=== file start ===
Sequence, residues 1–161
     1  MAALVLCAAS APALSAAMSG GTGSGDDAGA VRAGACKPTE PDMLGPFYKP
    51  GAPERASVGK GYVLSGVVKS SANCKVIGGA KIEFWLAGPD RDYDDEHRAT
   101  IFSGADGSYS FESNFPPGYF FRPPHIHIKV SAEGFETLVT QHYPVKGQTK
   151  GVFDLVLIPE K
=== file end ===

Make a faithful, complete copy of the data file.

Sequence, residues 1–161
     1  MAALVLCAAS APALSAAMSG GTGSGDDAGA VRAGACKPTE PDMLGPFYKP
    51  GAPERASVGK GYVLSGVVKS SANCKVIGGA KIEFWLAGPD RDYDDEHRAT
   101  IFSGADGSYS FESNFPPGYF FRPPHIHIKV SAEGFETLVT QHYPVKGQTK
   151  GVFDLVLIPE K